2002 – Independent
Irish folk singer Colin O’Donnell’s album Give Us An Aulo Solo is a pretty little record full of traditional songs from Erin’s Green Isle and soulfully sung and played folk music, with plenty of well know fodder for the punter at home to sing along to if so desired. O’Donnell’s thickly accented comes across with homespun loveliness and charm, and all of the instrumentation is competently played on the usual choices of fiddle and acoustic guitar.
I would say, however, that, despite the sweetness and softness of the vocals, and the skill in the playing, I couldn’t really sense a lot of soul on this record. I mean, tracks like Black Is The Colour and Crazy World are drenched in melancholy and sorrow, but I just get the feeling that Colin is merely going through the motions of what is expected in that style of folk song. This lack of depth, for me, was a real downside to this release and just made me enjoy the whole thing that little bit less. Also, his decision to perform a version of Fairytale Of New York as a solo track rather than a duet was a bit baffling.
Now, don’t get me wrong; I’m not saying that the record is totally devoid of feeling. It’s just that there isn’t quite the depth of emotion that I’m used to from Celtic ballads. I suppose that this isn’t really that much of a problem if one decides to listen to O’Donnell as a story teller rather than one bearing his soul through music, for, if one decides to take that course, he really is a great story teller with tracks like Streets Of New York coming over wonderfully in their quaint ballad way.
I will say, though, that the instrumental tracks on the album like The Lonesome Boatman and the title track are quite spectacular and glutted with an audible passion for playing. The screaming and wailing violin in The Lonesome Boatman, for example, is just so beautiful that O’Donnell comes close to rivalling the magnificent likes of Dirty Three, and Give Us An Aulo Solo has that wonderful liveliness of a traditional Irish jig which just lifts this record out of its doldrums of depression. A mention also has to go out to Fields Of Athenry and Sean South which, due to their being recorded live, have a lot more energy and fun in them. One can just hear the smile upon Colin’s face and catch the feeling of a slightly intoxicated audience dancing and swirling to the heart-warming sounds of these rare old mountain tunes.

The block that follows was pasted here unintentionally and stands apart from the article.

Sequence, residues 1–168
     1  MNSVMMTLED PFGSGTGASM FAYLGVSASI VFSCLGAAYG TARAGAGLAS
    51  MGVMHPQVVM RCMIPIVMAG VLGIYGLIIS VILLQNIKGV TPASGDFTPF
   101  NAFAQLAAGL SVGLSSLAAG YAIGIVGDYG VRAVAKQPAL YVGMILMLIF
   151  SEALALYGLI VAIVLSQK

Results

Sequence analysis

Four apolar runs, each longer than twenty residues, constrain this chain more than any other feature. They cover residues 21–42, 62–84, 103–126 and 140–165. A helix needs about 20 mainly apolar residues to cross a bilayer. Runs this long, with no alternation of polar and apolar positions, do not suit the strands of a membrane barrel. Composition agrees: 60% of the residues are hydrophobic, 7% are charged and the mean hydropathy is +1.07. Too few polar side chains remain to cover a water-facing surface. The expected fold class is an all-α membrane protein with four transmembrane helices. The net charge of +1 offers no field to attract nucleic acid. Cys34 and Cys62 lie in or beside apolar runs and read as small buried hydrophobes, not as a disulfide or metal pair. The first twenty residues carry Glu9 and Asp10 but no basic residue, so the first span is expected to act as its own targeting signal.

In conclusion I would say that Colin O’Donnell’s Give Us An Aulo Solo is a pretty stock-standard attempt at a folk album. All of the track are decent enough and there are a few that really stand out, but, on the whole, it’s not anything particularly special apart from perhaps The Lonesome Boatman.
I couldn’t find any of the tracks I wanted to play from ‘Give Us An Aulo Solo’, but I did manage to find a clip of Colin O’Donnell performing live.